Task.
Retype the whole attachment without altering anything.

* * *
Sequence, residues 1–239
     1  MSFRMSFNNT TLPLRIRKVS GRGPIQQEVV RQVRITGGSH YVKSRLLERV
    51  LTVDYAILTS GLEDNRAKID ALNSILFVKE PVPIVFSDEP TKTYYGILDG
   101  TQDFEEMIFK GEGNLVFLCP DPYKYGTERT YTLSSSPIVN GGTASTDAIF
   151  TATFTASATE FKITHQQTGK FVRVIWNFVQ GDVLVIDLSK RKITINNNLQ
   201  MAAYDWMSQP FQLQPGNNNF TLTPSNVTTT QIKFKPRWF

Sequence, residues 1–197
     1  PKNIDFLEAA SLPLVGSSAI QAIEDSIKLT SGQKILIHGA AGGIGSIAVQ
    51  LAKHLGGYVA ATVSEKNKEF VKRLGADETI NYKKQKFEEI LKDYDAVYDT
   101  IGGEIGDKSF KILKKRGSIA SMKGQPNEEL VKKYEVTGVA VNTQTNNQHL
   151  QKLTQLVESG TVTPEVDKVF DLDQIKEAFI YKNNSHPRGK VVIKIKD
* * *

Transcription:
Sequence, residues 1–239
     1  MSFRMSFNNT TLPLRIRKVS GRGPIQQEVV RQVRITGGSH YVKSRLLERV
    51  LTVDYAILTS GLEDNRAKID ALNSILFVKE PVPIVFSDEP TKTYYGILDG
   101  TQDFEEMIFK GEGNLVFLCP DPYKYGTERT YTLSSSPIVN GGTASTDAIF
   151  TATFTASATE FKITHQQTGK FVRVIWNFVQ GDVLVIDLSK RKITINNNLQ
   201  MAAYDWMSQP FQLQPGNNNF TLTPSNVTTT QIKFKPRWF

Sequence, residues 1–197
     1  PKNIDFLEAA SLPLVGSSAI QAIEDSIKLT SGQKILIHGA AGGIGSIAVQ
    51  LAKHLGGYVA ATVSEKNKEF VKRLGADETI NYKKQKFEEI LKDYDAVYDT
   101  IGGEIGDKSF KILKKRGSIA SMKGQPNEEL VKKYEVTGVA VNTQTNNQHL
   151  QKLTQLVESG TVTPEVDKVF DLDQIKEAFI YKNNSHPRGK VVIKIKD